Somebody who wants to be a role model We hear about professional football players who became great coaches after they finish their career as a player. Fidel Egbe, however, is not going to be such a person, because if he keeps on working hard, he can be an unbelievable coach and so much more. To study, and to develop his skills and himself as a person, he made a right decision to travel across the world and be a part of UP's family.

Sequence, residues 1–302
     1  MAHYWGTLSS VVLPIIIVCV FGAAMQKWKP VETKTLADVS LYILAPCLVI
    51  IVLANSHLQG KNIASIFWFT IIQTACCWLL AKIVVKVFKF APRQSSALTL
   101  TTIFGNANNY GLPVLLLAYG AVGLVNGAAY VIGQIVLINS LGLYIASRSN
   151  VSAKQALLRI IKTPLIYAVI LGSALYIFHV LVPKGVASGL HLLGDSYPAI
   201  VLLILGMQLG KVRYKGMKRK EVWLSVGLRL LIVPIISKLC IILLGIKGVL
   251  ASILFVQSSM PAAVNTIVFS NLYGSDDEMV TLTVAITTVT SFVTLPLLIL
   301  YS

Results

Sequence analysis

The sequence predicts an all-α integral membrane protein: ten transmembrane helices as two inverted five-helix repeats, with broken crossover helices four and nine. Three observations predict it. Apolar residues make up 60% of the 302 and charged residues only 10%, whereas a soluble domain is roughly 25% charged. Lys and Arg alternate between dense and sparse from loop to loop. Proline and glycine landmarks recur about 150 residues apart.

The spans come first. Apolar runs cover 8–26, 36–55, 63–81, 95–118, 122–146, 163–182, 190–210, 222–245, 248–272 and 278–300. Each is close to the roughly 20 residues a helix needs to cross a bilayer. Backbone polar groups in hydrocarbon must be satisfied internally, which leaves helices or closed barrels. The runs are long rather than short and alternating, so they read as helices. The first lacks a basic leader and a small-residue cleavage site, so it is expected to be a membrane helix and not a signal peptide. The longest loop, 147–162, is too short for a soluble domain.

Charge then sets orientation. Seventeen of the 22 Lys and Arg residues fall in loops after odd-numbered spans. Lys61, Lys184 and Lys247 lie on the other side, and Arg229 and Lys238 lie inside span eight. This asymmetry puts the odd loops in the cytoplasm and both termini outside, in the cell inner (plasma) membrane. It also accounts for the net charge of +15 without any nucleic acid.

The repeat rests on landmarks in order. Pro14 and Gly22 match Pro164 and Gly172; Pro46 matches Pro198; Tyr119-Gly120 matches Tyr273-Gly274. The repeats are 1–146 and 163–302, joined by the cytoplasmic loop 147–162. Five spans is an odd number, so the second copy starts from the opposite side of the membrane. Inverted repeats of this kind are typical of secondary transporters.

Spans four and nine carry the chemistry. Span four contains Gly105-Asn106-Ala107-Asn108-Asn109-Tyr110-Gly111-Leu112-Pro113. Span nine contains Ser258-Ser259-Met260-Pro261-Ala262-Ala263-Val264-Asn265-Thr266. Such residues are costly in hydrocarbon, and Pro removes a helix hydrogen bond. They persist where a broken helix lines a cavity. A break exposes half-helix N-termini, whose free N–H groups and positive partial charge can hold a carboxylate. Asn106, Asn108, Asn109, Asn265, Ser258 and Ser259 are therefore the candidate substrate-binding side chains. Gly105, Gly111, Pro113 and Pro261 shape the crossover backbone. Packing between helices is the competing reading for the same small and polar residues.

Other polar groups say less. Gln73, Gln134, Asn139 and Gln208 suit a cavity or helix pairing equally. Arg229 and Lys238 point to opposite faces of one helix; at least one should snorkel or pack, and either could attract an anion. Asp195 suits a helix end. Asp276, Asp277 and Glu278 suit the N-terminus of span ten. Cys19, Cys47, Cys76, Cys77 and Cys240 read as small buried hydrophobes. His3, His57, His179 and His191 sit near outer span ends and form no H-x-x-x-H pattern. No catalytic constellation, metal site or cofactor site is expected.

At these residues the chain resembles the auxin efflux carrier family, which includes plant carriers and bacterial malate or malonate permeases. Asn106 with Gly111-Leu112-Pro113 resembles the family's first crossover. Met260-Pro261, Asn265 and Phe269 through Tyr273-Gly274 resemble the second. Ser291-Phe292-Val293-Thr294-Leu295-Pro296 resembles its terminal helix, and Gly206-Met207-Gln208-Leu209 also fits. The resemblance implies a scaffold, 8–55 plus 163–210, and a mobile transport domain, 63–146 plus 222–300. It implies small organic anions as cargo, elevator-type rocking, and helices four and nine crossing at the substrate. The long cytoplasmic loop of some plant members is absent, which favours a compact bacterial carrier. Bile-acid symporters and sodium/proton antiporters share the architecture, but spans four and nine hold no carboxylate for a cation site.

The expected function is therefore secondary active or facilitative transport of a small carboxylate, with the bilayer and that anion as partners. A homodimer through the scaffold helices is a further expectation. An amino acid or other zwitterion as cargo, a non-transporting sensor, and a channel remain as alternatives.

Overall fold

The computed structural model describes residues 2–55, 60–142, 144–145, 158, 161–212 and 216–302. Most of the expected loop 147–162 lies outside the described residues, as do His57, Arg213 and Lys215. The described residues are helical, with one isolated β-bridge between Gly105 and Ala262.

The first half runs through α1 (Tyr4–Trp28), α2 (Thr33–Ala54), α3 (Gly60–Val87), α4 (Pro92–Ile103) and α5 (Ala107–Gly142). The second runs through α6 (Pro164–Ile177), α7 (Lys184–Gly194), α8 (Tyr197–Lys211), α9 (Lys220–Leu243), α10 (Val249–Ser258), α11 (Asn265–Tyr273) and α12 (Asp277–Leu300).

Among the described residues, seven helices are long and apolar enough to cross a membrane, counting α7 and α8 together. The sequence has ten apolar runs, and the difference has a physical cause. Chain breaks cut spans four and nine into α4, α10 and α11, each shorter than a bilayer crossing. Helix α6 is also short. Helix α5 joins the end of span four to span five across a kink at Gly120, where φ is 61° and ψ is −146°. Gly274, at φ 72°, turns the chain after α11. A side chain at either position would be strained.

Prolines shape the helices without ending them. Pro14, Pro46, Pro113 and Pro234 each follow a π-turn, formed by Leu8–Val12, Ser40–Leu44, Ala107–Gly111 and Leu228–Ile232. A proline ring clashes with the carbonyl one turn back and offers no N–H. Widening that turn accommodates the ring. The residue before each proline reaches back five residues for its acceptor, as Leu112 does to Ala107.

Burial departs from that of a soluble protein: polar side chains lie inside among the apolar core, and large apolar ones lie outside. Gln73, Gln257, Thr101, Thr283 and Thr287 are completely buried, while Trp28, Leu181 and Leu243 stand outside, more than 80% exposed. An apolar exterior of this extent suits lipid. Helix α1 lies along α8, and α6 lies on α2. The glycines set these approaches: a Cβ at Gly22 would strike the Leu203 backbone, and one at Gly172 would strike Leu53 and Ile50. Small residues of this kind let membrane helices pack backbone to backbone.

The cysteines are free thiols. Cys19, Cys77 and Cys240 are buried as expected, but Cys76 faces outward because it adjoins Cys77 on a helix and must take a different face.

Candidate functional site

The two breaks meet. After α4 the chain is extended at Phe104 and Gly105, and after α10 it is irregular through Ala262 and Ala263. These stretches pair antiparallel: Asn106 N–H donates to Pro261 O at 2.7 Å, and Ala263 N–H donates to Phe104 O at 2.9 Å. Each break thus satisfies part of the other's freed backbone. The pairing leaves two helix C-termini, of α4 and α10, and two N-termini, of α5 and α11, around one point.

Could you explain why you chose Hungary and UP to begin your academic studies? It is easy; the quality of education the UP offers is quite high and it is incredibly affordable to live here, in Hungary, compared to where I have lived. I did a lot of reading about Hungary, about Pécs especially, and I was looking forward to it. I must add that Erika Szilágyi-Kispap, in the registrar's office, did an awesome job during my application process to convince me that I made the right decision to move here. She was very helpful and welcoming and I am glad I finally decided to come here. This is your first year here. What is your opinion about the country so far? It is definitely different. I have had the luxury of travelling around a few countries and I have never come across people who are as patriotic and proud of their country and their heritage as the Hungarians. It is refreshing and intoxicating. I heard that you play football and you would like to become a coach. Could you please tell us about your connection with sports, especially with football? I have grown up doing and watching sports throughout my whole life. Sport lets us believe in the impossible, it is engaging, fascinating and it enables people to work together towards a common goal. As a kid in Nigeria, football is a mini religion you get exposed to it from the moment you can stand as a toddler. The football pitch is the closest we come to a true equality where race does not matter and money 50 UNIVPECS INTERNATIONAL